KRONICK: So, who are some of your musical influences?
CHAD: Aw man. Shit. My music is so diverse that I get influences from everywhere. But I'd have to say I have a heavy Hip Hop influence. But then again, my music is not really Hip Hop. I mean, it's Hip Hop based, but... it's out there. Some next level shit. I'm trying to involve everything from Rap, Hip Hop, Jungle, Drum and Bass style stuff all mixed into one. Just trying to do new stuff that hasn't been done. My music changes. Everytime I make a beat, it turns out different. Sometimes it's mellow paced, sometimes it's fast paced. I produce different kinds of music for different reasons. When you hear my music you're not gonna be able to say "oh this is Hip Hop", or "oh this is Drum and Bass", or "oh this is Rave", or "this is House". It's just gonna be a combination of everything, all together. Just fat beats is what I'd call it.
KRONICK: In magazines I've seen you skating while rocking a pair of headphones. Is that real?
CHAD: Before, I used to rock the headphones alot. But lately I've been into the ghetto blaster more. That way you can have everyone feel the vibe, ya know? When I used to skate with headphones I'd be breaking alot of Walkmen. Now we just strategically place ghetto blasters around.
KRONICK: It eats up batteries though.
CHAD: Yeah. I need a battery sponser. If anyone out there knows anyone, I'm in need of a battery sponser. Duracell or something. Hook me up, man.
KRONICK: Your shoe by eS is a really big deal. Did you help to design it at all?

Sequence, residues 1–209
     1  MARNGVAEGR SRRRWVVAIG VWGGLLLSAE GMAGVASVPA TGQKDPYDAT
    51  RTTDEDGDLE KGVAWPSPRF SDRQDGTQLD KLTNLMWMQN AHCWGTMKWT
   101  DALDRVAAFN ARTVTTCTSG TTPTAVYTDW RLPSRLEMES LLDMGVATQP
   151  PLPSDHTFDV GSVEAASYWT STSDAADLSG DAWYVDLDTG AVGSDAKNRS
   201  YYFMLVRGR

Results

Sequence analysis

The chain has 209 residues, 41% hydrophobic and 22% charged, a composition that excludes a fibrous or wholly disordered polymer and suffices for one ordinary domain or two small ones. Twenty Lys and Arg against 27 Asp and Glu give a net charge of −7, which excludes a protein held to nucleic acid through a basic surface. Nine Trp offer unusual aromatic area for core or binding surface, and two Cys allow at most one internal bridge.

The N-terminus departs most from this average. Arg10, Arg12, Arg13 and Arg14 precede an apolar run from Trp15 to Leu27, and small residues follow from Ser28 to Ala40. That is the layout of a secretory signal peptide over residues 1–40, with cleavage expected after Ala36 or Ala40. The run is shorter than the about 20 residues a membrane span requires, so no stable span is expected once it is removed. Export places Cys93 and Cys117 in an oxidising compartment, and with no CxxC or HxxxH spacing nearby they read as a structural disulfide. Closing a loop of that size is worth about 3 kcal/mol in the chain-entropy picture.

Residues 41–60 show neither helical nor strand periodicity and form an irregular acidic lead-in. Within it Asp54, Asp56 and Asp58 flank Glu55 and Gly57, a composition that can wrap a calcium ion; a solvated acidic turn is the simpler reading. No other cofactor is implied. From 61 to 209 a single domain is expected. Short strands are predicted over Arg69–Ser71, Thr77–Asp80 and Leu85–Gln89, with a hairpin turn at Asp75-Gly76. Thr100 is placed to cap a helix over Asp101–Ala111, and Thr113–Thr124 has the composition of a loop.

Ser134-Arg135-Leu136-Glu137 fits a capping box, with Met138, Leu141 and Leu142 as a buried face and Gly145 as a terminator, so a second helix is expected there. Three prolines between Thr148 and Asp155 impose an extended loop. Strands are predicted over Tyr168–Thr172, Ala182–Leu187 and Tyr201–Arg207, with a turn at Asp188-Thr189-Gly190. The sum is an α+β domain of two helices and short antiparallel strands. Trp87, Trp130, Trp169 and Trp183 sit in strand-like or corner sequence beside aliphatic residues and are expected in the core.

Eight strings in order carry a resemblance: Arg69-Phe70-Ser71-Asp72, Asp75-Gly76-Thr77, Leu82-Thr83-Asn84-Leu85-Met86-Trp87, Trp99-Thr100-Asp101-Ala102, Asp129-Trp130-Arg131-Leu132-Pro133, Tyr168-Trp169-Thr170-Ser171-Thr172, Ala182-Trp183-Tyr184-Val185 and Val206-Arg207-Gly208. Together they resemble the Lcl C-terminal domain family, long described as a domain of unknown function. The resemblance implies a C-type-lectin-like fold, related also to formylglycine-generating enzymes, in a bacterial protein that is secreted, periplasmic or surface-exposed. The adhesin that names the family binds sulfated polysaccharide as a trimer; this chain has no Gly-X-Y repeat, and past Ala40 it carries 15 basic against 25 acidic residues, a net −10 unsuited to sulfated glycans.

CHAD: Yeah, yeah. I worked with another designer who helped me with it, but basically I did most of the design and came up with the ideas like the stash pocket and stuff. It worked out nice. I'm trying to come out with some new shit soon, some downlow shit.
KRONICK: About that stash pocket, doesn't a guy named Tyrone Olson also have a shoe with a stash pocket?
CHAD: He bit my shit. Hehehe. And this other dude named Kris Markovich came out and bit my shit too, fuck that shit. Player haters, like you said earlier. I was pissed, man. Whatever, he might have thought he came up with it too, but I know my shit was out first. I don't know, whatevs.
KRONICK: Seems like alot of skaters are going into business for themselves nowadays. You're doing it with Ghetto Child and Diakka.
CHAD: I'm just an entrepeneur, myself, or whatever you call it. I'm just trying to utillize whatever I get from skateboarding right now and try to make something better out of that that's gonna help me in the future. I just started Ghettto Child and I don't know too much about business so it's going slow right now. We're just checking it out, learning the steps, and trying to get something going on, and make some dope stuff for people to wear and ride. With Diakka we're just trying to make fat watches. It's all new, so the business is all new to the people we're working with trying to do it. I've found it's a hard thing to get into, but the more I do it, the more I learn. I'm just trying to take it one step at a time, make a little company, and make something happen. Ya' know?
KRONICK: After watching the Shorty's video Fulfill The Dream, I noticed that you were skating things that had never been skated. Handrails in particular. Do you get scared when you go to a spot and there are no marks on it?